Aug 23, 2017 Last Updated 2:11 PM, Jun 12, 2017

The great plastic threat

Garbage patches are becoming a frequent sight in the Pacific Ocean. Garbage patches are becoming a frequent sight in the Pacific Ocean.
Published in 2017 June
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THE region faces an enormous threat from plastic bags and other synthetic material initially designed to make life easier. Every day, thousands of plastic bags are used in shops, supermarkets, department stores, restaurants and roadside market stalls.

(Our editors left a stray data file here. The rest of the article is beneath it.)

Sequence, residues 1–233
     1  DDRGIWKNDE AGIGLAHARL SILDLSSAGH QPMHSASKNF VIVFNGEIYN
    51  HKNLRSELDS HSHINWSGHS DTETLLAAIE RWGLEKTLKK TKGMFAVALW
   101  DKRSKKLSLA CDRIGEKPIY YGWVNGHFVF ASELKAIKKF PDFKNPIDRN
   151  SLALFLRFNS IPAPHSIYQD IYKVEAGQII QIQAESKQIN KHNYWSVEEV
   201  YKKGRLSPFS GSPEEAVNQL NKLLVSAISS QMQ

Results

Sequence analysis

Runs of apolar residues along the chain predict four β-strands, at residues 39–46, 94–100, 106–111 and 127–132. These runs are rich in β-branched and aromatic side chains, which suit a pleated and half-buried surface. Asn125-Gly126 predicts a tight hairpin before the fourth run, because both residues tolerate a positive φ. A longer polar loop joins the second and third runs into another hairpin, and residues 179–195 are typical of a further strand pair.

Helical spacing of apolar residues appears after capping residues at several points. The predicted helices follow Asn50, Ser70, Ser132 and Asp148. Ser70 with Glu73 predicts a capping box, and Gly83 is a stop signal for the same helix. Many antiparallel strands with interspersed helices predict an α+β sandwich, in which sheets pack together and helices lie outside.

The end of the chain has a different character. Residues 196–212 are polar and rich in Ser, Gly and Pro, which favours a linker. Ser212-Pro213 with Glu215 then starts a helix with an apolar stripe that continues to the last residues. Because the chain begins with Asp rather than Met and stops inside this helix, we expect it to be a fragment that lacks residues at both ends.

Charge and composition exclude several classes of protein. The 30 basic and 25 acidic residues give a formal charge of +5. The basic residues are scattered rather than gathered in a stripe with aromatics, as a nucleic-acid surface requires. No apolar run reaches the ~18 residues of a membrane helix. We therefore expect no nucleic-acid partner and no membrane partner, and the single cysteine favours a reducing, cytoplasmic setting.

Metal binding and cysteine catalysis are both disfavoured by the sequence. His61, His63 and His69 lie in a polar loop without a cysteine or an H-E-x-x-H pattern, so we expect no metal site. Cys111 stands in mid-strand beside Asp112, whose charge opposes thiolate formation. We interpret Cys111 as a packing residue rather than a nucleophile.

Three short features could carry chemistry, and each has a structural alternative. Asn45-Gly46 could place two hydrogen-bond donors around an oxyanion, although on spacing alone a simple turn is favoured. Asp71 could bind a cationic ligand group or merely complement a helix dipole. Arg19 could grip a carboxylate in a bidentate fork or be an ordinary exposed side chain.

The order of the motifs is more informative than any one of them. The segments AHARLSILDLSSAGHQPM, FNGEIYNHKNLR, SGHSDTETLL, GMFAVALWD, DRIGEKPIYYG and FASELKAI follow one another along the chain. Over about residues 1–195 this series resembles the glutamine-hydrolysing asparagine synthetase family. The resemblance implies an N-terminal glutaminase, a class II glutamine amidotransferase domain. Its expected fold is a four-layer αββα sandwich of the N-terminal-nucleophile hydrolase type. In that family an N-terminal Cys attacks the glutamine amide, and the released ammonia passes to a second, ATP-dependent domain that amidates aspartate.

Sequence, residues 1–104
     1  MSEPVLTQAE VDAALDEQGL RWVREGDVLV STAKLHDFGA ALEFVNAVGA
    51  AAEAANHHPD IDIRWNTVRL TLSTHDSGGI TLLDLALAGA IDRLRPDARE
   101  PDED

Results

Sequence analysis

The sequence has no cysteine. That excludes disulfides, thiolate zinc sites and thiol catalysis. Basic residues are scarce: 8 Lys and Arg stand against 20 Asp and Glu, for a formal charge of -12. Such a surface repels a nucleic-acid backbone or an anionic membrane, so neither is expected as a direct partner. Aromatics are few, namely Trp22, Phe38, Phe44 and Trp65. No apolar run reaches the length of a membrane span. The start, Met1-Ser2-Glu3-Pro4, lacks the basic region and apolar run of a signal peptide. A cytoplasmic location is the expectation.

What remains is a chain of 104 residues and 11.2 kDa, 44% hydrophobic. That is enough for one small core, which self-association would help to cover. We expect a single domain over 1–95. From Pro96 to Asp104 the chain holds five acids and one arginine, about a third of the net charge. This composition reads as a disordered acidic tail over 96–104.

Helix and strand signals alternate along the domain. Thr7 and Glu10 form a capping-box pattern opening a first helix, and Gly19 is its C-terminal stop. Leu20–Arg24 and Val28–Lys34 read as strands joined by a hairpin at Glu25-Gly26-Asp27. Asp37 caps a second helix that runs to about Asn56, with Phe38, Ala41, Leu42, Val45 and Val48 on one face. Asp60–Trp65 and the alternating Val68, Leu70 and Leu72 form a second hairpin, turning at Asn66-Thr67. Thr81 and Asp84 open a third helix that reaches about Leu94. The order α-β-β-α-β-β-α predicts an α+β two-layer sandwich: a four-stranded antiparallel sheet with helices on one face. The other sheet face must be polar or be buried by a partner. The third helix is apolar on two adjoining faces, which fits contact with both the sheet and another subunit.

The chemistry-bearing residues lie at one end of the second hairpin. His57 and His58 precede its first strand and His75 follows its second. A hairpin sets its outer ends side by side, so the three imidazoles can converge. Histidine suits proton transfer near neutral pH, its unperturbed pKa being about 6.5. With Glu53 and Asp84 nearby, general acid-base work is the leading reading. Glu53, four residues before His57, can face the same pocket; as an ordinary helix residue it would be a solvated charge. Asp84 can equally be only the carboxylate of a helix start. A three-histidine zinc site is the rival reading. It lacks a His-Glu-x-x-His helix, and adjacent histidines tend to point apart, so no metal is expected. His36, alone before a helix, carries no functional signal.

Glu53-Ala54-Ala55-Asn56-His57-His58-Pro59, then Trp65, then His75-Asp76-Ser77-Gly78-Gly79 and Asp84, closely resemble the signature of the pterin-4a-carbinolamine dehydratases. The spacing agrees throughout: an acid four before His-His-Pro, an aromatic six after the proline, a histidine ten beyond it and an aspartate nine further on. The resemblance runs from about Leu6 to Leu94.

Thirty years ago, bread was wrapped in newspaper or newsprint, tied with string and carried under the arm from local shops to homes. The string was recycled – sometimes used to end up as part of a child’s homemade toy – and the paper was used to wrap rubbish, clean windows or light a fire.

Paper and string are bio-degradable and break down easily if they are buried or merely left at the mercy of the elements. Now, bread is pushed into plastic bags for that same journey home from stores around the Pacific. Indeed, every possible purchase from a shop is carried home in some form of plastic which will take hundreds of years to decompose.

Some households use plastic bags to hold rubbish which is removed by municipal councils.

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